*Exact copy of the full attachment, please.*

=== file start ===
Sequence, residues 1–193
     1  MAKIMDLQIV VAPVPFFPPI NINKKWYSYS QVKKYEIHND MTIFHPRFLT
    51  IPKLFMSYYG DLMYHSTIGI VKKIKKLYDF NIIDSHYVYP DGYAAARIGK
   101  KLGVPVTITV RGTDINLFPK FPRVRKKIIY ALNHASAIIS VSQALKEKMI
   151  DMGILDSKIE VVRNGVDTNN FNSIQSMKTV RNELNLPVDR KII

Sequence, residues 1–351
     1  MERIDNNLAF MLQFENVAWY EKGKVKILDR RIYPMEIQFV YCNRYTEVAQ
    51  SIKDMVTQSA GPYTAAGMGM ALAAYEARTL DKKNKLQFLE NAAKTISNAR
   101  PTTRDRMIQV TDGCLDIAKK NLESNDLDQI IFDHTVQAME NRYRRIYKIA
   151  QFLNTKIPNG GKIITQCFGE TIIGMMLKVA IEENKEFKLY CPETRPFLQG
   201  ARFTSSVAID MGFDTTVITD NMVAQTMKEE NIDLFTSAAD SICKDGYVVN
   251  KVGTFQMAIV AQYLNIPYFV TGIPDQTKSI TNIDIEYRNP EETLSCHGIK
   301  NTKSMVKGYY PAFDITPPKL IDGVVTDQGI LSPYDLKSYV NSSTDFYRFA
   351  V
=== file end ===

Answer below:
Sequence, residues 1–193
     1  MAKIMDLQIV VAPVPFFPPI NINKKWYSYS QVKKYEIHND MTIFHPRFLT
    51  IPKLFMSYYG DLMYHSTIGI VKKIKKLYDF NIIDSHYVYP DGYAAARIGK
   101  KLGVPVTITV RGTDINLFPK FPRVRKKIIY ALNHASAIIS VSQALKEKMI
   151  DMGILDSKIE VVRNGVDTNN FNSIQSMKTV RNELNLPVDR KII

Sequence, residues 1–351
     1  MERIDNNLAF MLQFENVAWY EKGKVKILDR RIYPMEIQFV YCNRYTEVAQ
    51  SIKDMVTQSA GPYTAAGMGM ALAAYEARTL DKKNKLQFLE NAAKTISNAR
   101  PTTRDRMIQV TDGCLDIAKK NLESNDLDQI IFDHTVQAME NRYRRIYKIA
   151  QFLNTKIPNG GKIITQCFGE TIIGMMLKVA IEENKEFKLY CPETRPFLQG
   201  ARFTSSVAID MGFDTTVITD NMVAQTMKEE NIDLFTSAAD SICKDGYVVN
   251  KVGTFQMAIV AQYLNIPYFV TGIPDQTKSI TNIDIEYRNP EETLSCHGIK
   301  NTKSMVKGYY PAFDITPPKL IDGVVTDQGI LSPYDLKSYV NSSTDFYRFA
   351  V